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Animal welfare in the EU

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The European Union has been an advocate of animal welfare for over 40 years and is seen as one of the world leaders in this area, applying some of the highest animal welfare standards in the world. EU standards have also had a positive influence on legislation in third countries. These standards cover farm animals (on the farm, during transport or slaughter) as well as wildlife, laboratory animals and pets. 

In Austria, the debate has already taken hold in society on the issue of pig farming. This is one of the major sectors of agriculture in this country, with nearly three million pigs for less than nine million inhabitants. And here too it was the citizens who got things moving with a plebiscite signed by 400,000 people. As a result, the European Parliament voted a resolution asking the government to improve the living conditions of the pig farms. 

In Ireland, since the beginning of the pandemic of Covid-19, the associations of protection of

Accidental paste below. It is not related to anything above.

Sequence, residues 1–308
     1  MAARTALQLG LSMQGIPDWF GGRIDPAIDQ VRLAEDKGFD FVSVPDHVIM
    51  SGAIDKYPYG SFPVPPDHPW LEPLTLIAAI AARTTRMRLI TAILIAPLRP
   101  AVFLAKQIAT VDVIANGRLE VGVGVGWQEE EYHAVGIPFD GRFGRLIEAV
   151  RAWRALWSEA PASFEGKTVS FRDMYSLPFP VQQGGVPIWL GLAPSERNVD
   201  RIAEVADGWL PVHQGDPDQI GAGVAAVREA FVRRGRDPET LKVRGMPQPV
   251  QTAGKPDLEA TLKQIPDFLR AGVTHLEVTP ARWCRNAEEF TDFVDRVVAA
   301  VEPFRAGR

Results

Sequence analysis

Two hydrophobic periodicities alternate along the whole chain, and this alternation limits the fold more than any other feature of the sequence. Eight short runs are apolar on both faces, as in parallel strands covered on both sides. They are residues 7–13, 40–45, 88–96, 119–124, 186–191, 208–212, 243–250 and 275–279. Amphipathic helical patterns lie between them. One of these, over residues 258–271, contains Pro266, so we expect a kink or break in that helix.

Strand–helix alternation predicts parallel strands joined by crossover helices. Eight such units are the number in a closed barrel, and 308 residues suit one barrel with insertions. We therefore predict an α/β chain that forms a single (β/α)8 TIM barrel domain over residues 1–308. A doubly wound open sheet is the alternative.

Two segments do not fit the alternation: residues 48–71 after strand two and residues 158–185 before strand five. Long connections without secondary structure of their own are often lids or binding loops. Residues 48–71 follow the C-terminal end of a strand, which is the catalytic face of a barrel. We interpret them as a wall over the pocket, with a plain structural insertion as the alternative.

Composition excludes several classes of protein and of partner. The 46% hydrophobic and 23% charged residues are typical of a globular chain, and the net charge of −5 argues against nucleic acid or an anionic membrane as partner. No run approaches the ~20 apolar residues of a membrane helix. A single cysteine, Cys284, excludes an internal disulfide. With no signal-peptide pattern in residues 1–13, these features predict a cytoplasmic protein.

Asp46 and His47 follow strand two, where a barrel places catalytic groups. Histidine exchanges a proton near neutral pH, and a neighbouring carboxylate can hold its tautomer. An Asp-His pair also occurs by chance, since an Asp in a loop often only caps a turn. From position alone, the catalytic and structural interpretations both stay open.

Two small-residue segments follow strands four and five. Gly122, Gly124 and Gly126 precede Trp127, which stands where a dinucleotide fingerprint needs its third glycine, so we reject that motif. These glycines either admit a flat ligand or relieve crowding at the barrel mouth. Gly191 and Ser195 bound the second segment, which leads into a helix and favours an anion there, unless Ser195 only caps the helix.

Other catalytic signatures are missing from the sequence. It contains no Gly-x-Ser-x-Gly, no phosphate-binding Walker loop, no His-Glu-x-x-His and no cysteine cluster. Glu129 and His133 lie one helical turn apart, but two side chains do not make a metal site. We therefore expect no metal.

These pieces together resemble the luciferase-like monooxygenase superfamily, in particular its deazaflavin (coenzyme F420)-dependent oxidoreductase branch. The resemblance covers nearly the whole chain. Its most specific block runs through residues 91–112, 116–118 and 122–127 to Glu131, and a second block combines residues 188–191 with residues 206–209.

animals warn on the danger of adopt an animal in time of confinement, because, notably, of the risks of abandonment during the return to a normal life. Nevertheless, Ireland is facing a sad phenomenon: never have so many donkeys have been abandoned or mistreated. There is between five and ten thousand of them in the country, with its heritage of the agriculture and the rural tradition of the country. 

According to a Eurobarometer survey on European attitudes towards animal welfare, conducted in May 2021, 82% of respondents said that livestock welfare should be protected more than it actually is.

The first European animal welfare regulations date back to the 1970s. The 1998 Livestock Welfare Directive established general standards for the protection of all animals raised for food, wool, skins, fur or other agricultural purposes, including fish, reptiles and amphibians. Other EU regulations set animal welfare standards for livestock at stunning and slaughter, as well as conditions for keeping specific categories of animals such as calves, pigs and laying hens. 

On June 10, in response to the European Citizens’ Initiative « End the Cage Age », signed by 1.4 million European citizens (400,000 in Germany and 100,000 in France), MEPs called on the Commission to present a proposal to ban cage farming in the EU by 2027. 


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